Presentation on theme: "We Who Built America: Working People,"— Presentation transcript:
1 We Who Built America: Working People, 1860-1890 Chapter 28We Who Built America:Working People,
2 A New Way of Life Industrial America Factories and technology Big businessmen lead growthLabor does the actual workWorking class grows faster than populationFactories and technologyLarger factories; fewer personal relationsMore dependence on machinesFewer skilled workersPoor pay, conditions
3 A New Way of Life (cont.’d) WagesActual wages declineReal wages riseSkilled workers make moreUnskilled workers often in povertyHoursGovernment employees: 8 hour daysSkilled workers: 10 hour daysUnskilled workers: 12+ hour daysFrequent layoffs due to business cycle
4 A New Way of Life (cont.’d) ConditionsLarge number of industrial accidentsLittle to no compensation when hurtCourts favor employersOccupational diseases not employer’s responsibility
5 Who Were the Workers? Workers Child labor Women workers Skilled workers: native-born white malesUnskilled workers: children, women, immigrantsChild labor1900: 1.8 million children work full timeChildren do all but heaviest jobsMany children in tenement sweatshopsChildren receive lower payWomen workersFirst industrial workers femaleHeavy labor favors male employeesWomen need wages for familiesWomen receive lower wages
6 Who Were the Workers? (cont.’d) Black workersMost industrial workers whiteAfrican Americans mainly in SouthAfrican Americans mainly on farmsAfrican Americans also servants
7 Organize! Need to organize Most workers accept conditions to keep jobs High absenteeismSometimes workers use sabotage
8 Organize!(cont.’d) History of Industrial violence Molly McGuires in coal minesPinkerton Detectives combat organizersViolent strikes common1877 railroad strike led to pitched battles1892 Homestead Strike led to siege1894 Pullman strike led to property destructionAmerican Railroad UnionEugene DebsUnions gaining strengthInitially just local trade unions1866: National Labor UnionNLU started by William SylvisFocuses on political action, fails
9 Organize! (cont.’d) Knights of Labor Terence Powderly Uriah P. Stephens starts organizationFirst a secret organization with Masonic undertonesWelcomes all workersMasonic undertones repel Irish Catholic workersTerence PowderlyNew leader of Knights of LaborDrops secrecy, Masonic undertonesKnights grows rapidly, has successful strikesHaymarket riot creates negative association; Knights fail
10 Organize! (cont.’d) Samuel Gompers and the AFL 1886: Gompers starts American Federation of LaborIncludes only skilled workersFocuses on basic issuesPrefers negotiations to strikesAFL continues to growEmployers still hostile to unionsBosses found counter-organizationA few accept the reality of unions
11 Nation of Immigrants Immigration Birth pains of a world economy Always a part of U.S.Grows in late 19th centuryMore from Southern Europe, AsiaIndustrialists need laborersPay fares in return for labor contractsImmigrants tend to be cheap, docile workersImmigrants asset to growing economyBirth pains of a world economyIndustrialization causes population growthCannot compete with cheap American foodLeads many to immigrate to AmericaPromoting immigrationAdvertisingMostly men and often temporary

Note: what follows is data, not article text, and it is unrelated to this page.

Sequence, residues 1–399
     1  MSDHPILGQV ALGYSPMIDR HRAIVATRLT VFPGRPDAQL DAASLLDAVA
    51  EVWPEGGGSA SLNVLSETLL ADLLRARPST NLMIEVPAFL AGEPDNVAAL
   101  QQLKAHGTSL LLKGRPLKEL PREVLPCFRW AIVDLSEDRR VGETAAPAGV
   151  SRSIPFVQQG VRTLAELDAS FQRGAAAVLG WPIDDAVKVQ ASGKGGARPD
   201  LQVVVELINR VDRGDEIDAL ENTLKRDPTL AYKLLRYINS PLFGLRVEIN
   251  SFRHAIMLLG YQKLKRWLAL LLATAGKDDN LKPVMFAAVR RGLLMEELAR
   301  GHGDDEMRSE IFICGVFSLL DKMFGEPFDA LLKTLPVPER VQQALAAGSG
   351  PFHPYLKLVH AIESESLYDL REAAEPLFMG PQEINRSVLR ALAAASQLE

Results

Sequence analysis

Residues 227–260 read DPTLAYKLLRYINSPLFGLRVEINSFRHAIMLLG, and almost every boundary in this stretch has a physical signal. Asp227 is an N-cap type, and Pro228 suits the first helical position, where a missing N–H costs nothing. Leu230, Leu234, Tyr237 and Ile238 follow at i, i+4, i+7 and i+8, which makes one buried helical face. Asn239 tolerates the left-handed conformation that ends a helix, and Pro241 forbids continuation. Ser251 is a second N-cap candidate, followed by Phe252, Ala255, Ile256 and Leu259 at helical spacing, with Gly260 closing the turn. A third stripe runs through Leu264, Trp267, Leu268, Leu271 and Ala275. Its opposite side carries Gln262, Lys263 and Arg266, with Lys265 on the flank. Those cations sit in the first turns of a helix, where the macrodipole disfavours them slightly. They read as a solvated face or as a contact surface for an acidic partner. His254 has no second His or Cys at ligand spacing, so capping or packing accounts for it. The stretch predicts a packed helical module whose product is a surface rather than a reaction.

12 Old Immigrants The Irish Chinese immigration begins with Gold Rush Immigration continues from British IslesIrish Catholics often suffer discriminationIrish Catholics quickly adaptIrish Catholics become formidable political forceChinese immigration begins with Gold RushChinese keep to themselvesChinese labor needed to build railroads, etc.Economy takes downward turnAmerican blame joblessness on ChineseDenis Kearney leads anti-Chinese movementCongress passes Chinese Exclusion Act 1882
13 Old Immigrants (cont.’d) Germans come for political reasonsMore Americans have German ancestry than EnglishHave money to set up farmsBring their culture to new worldScandinaviansAlso farmersNorthern Europeans prosper in New WorldAdapt quicklyBring their own culture
14 Old Immigrants (cont.’d) Sephardic and German JewsSmall groups present little threatQuickly adapt to American lifeReform JudaismOften successful businessmenCling to their religious heritageNew Jewish immigrationPost-1880 immigrants tend to be poor, illiterate, peasantsOrthodoxFast pogroms in Russia and Eastern EuropeLittle in past life prepares them for industrial, urban U.S.
15 Discussion QuestionsWhat were conditions of the workers like in the late industrial period of the 1800s?How were conditions different for women and child workers in industry in this period?Who were Terrance Powderly and Samuel Gompers? Why did the Knights of Labor fail, while the AFL succeeded?Examine immigration into the United States during the industrial period. Why were some immigrants able to eventually thrive, while others faced a constant struggle?